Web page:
Kristin White Sermon - Miepje DeVryer Funeral

Kristin White

Miepje DeVryer Memorial Eucharist - July 26, 2014

St. Augustine’s Episcopal Church – Wilmette, Illinois



“We gather together to ask the Lord’s blessing.”

Soon after her doctors diagnosed Miepje with a brain tumor in February, Pieter came to Tom Alm, our organist-choirmaster, and to me, with an idea. St. Augustine’s has been the DeVryers’ faith community for more than 50 years, and music has been important to Pieter and Miepje for the whole of that time and before. Pieter asked Tom and me if we might have a concert. It would, he imagined, be a celebration of ministries at St. Augustine’s, with glorious music from our organ, which the DeVryers helped to restore some years ago, and with offerings from gifted musicians of this parish…who bless us again with their offerings today. And it would be something that Miepje could enjoy while she was still living.

Pieter’s idea quickly took shape, and became reality right here on June 1st. We shared together in beautiful music, a gathering of friends, a beautiful reception afterwards, with champagne.

Pieter wasn’t sure how long Miepje would be able to stay that day, so we sang her favorite hymn first – Hymn 433. It’s a Dutch tune, made popular when it was sung by a touring choir at the turn of the century. It was Miepje’s favorite hymn, so we sang it first that day…and we sang it first today, as well. “We gather together to ask the Lord’s blessing,” we sang.

And that’s what we are doing here, today, as we come together in prayer and song and remembrance, nourished by the sacraments. We gather together to give thanks for the life of Miepje DeVryer. We gather together to ask the Lord’s blessing – on Miepje, on her family, on her friends, on her community.

Miepje lived fully, externally, out in the world. She played tennis until and beyond her diagnosis, she and Pieter exercised at the Fitness Center, she served here as an usher welcoming people to worship, she continued offering services as a psychiatrist until the week before doctors discovered her brain tumor. She lived externally as a person – remembering what was going on in other people’s lives, asking about their families, their work, their well-being, in ways that showed she cared deeply about their response.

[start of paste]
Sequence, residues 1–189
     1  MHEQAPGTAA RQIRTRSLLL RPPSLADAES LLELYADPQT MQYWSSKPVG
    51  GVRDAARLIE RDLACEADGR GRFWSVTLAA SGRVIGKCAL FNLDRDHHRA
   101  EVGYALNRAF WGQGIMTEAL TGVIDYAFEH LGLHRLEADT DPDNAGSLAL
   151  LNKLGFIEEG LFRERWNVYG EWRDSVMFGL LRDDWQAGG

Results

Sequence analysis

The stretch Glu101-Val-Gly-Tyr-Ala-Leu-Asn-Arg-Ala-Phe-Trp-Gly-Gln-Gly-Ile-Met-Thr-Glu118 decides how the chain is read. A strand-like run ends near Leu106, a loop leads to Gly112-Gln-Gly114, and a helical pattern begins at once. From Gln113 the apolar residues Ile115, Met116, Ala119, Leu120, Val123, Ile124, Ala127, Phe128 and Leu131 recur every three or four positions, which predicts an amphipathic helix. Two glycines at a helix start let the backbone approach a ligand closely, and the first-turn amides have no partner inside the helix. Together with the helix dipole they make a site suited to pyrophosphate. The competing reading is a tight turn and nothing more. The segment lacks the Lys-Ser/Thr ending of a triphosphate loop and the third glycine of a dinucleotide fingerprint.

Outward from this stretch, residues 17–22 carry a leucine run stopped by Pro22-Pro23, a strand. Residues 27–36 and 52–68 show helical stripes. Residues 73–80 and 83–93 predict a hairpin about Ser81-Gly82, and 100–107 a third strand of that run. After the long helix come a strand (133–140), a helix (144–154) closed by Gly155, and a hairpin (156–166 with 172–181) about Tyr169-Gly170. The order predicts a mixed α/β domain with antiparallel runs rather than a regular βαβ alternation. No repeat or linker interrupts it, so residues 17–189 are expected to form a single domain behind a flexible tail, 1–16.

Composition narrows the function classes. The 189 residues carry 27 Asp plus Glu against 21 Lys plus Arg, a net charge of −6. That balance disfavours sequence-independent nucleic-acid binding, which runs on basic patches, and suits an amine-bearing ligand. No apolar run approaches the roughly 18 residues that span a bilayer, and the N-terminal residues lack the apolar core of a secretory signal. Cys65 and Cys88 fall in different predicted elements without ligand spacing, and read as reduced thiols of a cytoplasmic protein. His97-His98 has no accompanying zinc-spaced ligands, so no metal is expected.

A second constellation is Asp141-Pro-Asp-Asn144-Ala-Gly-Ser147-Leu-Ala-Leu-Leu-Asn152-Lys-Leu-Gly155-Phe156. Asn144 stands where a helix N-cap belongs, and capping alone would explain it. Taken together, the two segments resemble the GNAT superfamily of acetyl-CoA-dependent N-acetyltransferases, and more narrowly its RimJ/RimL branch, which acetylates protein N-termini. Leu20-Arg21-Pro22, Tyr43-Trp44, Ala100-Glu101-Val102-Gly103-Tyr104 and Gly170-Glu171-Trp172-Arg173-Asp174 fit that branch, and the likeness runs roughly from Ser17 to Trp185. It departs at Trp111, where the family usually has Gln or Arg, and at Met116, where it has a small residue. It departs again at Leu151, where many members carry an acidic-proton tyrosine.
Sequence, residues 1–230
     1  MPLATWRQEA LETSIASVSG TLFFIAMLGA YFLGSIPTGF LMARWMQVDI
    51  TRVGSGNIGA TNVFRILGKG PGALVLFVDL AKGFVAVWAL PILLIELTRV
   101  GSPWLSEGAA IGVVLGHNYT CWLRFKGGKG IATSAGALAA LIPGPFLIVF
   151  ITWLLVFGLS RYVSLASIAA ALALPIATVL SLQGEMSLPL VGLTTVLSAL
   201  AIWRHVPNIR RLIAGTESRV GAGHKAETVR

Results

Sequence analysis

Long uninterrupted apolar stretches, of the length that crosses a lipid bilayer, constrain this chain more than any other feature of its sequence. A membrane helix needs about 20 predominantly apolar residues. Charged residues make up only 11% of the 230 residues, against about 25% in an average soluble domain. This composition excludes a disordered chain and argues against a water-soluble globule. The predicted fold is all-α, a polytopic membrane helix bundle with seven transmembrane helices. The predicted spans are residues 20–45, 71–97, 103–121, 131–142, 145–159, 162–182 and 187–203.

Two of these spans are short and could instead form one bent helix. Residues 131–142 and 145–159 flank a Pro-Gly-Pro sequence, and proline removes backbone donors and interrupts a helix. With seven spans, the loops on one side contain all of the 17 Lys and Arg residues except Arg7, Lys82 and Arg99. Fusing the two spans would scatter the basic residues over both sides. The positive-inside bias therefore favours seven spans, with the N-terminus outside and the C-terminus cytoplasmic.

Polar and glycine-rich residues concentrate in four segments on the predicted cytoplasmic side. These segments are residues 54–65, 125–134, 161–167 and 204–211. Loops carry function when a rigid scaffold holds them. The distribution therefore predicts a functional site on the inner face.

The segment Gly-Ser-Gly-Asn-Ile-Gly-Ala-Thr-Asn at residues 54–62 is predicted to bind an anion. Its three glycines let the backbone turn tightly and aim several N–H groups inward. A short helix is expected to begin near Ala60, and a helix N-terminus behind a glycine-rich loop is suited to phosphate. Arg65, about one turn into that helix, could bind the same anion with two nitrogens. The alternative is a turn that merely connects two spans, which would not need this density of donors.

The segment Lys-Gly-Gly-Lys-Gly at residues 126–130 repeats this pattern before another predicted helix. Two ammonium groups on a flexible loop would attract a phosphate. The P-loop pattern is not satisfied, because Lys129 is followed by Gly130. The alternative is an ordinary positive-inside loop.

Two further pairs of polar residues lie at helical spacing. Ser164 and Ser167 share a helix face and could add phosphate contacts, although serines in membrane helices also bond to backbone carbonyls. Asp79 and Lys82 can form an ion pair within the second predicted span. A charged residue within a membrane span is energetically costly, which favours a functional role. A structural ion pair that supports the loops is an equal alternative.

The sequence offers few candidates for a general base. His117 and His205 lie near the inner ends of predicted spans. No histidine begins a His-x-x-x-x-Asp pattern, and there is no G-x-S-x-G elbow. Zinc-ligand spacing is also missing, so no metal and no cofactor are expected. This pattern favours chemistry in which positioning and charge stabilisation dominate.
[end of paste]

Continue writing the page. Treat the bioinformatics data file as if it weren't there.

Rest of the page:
The evidence of how Miepje lived can be witnessed in how she died. People encircled Miepje and Pieter in these past weeks, planting flowers on the terrace outside their home, visiting them at the Midwest Care Pavilion where Miepje spent her last days, knitting prayer shawls for her, bringing flowers from their gardens to brighten her room, bringing meals for Pieter.

And now, we gather. We gather together to ask the Lord’s blessing.


The first passage of scripture that the family chose for today’s service was the first reading we heard read by Johanna, from the Book of Lamentations. “The steadfast love of the Lord never ceases; God’s mercies never come to an end,” it begins.

The author’s use of these words is almost ironic. They are written after Jerusalem has been sacked; the Temple where God’s people believe that God dwells in earthly habitation, destroyed; the people who worshiped there, sent into exile in Babylon. Things have gotten worse than people could have imagined. Remember: the book is called Lamentations.

And yet, this is what comes from the author of that text: “The steadfast love of the Lord never ceases, God’s mercies never come to an end…”. More than some kind of a naïvete, these words insist on God’s provision in the midst of what must seem a hopeless situation.

What is more, the Hebrew word hesed, which we translate here as steadfast love, means something deeper than that. Those of you here who speak different languages will, I trust, understand the notion of a word being lost in translation. The word hesed is based on the Hebrew root, which means a mother’s love for her children.

On this day, as we mourn the loss of a brilliant and generous woman, a mother and a grandmother, there is something defiantly hopeful about invoking those words from Lamentations: “The steadfast love of the Lord never ceases…”

The day of the concert here at St. Augustine’s, we began with a prayer and then with some words from Pieter. He spoke of his love for the church and he spoke of his love for Miepje, about their shared love of music. He spoke honestly about her illness, and of how they walked this journey together. It was a way for both Pieter and Miepje to welcome us all into the midst of a lovely and painful and honest space in their lives. And the offerings of people’s gifts, so many of you here again today – your gifts: your presence here among us, your beautiful music, the food you brought to share in fellowship on that day – it was a way for us all to echo those words of defiant hope written so far away in time and space: “The steadfast love of the Lord never ceases; God’s mercies never come to an end…”


And so, we gather. We gather together to ask the Lord’s blessing – on Miepje, may she rest…on this family…on this community of faith. In the midst of this deep sadness, trusting that the words of Lamentations will again be true: that the steadfast love of the Lord will never cease, trusting that God’s mercies will never come to an end.

We gather together, here today, to ask the Lord’s blessing.